Recent VPL scientific highlights from this research area include:
Stellar Radiative Effects on Planetary Habitability
We have calculated the effects of a large flare from a cool M dwarf star (AD Leonis) on an Earth-like planetary atmosphere (Segura et al. 2010). A similar approach was applied to atmospheres with 0.2 bars of CO2 for an abiotic planet, with no biogenic surface fluxes (Sánchez-Flores and Segura, 2011). The results from these “early Earth” type atmospheres suggest that planets around active M dwarfs with CO2 atmospheres may be better protected from the UV radiation of their parent stars than planets around sun-like stars even without the presence of biologically produced O2. This is because the quiescent flux from the star photolysis CO2 to produce O2 and O3 with column depths an order of magnitude larger than for an Earth-like planet around the Sun. During a stellar flare the abundances of O2 and O3 do not change significantly, and the UV stellar radiation that reaches the planetary surface is less than that for a similar planet around the Sun.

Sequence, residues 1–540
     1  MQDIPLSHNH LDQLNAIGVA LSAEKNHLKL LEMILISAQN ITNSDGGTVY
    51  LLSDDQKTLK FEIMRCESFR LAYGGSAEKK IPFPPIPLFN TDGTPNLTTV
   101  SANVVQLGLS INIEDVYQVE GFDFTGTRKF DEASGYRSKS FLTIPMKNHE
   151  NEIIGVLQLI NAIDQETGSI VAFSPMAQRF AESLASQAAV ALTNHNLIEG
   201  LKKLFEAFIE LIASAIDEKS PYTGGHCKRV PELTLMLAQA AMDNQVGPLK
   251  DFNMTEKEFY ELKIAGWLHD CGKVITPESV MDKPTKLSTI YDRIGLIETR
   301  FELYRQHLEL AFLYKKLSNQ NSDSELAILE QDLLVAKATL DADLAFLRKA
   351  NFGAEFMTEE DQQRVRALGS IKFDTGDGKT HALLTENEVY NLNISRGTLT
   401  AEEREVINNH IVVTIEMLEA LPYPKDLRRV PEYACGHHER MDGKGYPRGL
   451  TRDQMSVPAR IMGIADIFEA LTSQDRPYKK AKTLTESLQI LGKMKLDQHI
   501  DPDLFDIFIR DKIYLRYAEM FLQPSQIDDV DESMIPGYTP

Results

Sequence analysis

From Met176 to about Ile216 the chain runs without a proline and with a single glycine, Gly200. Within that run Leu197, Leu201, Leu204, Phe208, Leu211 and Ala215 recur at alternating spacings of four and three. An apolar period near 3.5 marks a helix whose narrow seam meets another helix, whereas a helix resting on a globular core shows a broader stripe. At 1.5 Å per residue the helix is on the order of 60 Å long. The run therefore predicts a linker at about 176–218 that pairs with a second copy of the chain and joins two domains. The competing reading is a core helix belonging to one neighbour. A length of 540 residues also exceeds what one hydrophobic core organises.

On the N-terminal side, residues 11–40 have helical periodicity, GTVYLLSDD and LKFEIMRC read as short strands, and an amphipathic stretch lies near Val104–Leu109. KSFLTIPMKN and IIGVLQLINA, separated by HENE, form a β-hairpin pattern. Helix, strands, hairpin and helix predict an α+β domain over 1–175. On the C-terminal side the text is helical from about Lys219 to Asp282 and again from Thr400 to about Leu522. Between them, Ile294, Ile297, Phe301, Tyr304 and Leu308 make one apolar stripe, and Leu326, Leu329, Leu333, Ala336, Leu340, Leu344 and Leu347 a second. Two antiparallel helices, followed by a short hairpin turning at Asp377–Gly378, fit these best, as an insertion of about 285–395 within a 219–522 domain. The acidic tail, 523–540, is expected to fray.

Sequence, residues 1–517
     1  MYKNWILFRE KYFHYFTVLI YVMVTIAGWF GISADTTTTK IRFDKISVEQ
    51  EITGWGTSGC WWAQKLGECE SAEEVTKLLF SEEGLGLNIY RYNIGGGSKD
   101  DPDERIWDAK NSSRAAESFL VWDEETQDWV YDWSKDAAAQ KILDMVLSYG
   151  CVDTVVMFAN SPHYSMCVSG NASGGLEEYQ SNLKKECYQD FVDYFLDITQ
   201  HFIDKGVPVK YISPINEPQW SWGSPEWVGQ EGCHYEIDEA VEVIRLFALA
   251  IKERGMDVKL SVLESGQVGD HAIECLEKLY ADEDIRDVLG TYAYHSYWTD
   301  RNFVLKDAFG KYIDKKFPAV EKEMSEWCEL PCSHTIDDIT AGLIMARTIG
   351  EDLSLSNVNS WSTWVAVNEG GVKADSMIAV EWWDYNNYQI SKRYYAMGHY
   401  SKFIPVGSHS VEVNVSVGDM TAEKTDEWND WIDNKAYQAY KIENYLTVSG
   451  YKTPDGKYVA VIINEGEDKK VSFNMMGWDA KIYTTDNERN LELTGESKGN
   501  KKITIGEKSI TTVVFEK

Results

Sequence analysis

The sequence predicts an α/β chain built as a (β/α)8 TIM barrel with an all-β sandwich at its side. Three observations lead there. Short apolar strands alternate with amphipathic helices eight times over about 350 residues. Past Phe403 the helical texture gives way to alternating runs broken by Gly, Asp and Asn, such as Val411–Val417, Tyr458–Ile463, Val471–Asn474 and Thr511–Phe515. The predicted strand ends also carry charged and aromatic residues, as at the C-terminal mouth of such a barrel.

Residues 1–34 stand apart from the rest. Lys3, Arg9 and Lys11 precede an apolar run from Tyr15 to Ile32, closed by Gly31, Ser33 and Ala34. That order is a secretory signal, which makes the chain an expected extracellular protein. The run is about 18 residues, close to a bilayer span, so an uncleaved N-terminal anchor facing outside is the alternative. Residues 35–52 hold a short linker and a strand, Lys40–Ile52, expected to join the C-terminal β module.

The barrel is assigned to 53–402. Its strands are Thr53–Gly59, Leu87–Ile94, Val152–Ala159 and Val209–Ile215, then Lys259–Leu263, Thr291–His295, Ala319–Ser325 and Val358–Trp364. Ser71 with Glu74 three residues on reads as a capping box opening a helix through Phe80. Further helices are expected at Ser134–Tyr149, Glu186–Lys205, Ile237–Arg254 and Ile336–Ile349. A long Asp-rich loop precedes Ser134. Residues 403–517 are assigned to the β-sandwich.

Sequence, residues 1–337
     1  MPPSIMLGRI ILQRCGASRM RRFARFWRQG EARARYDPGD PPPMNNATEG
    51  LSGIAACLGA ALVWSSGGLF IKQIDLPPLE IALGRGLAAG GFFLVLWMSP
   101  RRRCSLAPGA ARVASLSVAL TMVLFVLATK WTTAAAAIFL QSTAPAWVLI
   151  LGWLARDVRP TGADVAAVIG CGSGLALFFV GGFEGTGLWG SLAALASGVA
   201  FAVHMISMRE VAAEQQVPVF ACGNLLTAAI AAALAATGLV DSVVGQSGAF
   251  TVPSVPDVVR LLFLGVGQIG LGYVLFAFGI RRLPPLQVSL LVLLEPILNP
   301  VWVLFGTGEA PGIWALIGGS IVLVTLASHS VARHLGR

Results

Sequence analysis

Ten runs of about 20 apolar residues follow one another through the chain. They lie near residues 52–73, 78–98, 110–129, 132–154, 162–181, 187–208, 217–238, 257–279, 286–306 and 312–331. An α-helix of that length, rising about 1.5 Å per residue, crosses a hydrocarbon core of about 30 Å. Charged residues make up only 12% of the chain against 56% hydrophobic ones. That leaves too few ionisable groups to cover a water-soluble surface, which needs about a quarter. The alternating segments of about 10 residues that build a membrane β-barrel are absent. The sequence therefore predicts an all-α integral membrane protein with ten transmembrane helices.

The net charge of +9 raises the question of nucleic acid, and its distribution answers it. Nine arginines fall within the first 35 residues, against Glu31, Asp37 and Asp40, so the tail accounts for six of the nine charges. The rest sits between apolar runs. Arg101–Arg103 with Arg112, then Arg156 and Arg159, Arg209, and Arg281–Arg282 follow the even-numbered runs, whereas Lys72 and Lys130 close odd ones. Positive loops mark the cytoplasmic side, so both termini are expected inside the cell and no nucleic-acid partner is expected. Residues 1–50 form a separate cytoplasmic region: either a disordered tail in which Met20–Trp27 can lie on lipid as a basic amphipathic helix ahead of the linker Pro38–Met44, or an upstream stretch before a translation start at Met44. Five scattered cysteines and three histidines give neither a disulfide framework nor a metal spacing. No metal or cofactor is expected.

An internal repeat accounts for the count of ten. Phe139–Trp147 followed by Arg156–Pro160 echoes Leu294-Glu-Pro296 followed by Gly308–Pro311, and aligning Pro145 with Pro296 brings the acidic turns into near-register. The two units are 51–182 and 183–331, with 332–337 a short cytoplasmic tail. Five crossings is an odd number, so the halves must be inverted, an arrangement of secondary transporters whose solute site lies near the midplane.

In addition to modeling the effect of extreme flares on planetary habitability and UV surface fluxes, we are also working to understand the typical flaring rate for different types of stars. We used the first quarter of Kepler observations to identify flare events in the cool K and M dwarfs in the Kepler sample, stars that were not preselected for their level of activity. We found many such events and, most interestingly, found that stars with long-duration flares (four hours or more) spend less time flaring overall (Walkowicz et al. 2011). This indicates that some planets may be subjected to less frequent but longer duration changes in the spectral energy distribution of the stellar flux, while others experience more frequent but short duration changes. We intend to explore the comparative effects of these different flaring behaviors on planetary habitability in future work.
Dynamical Effects on Planetary Habitability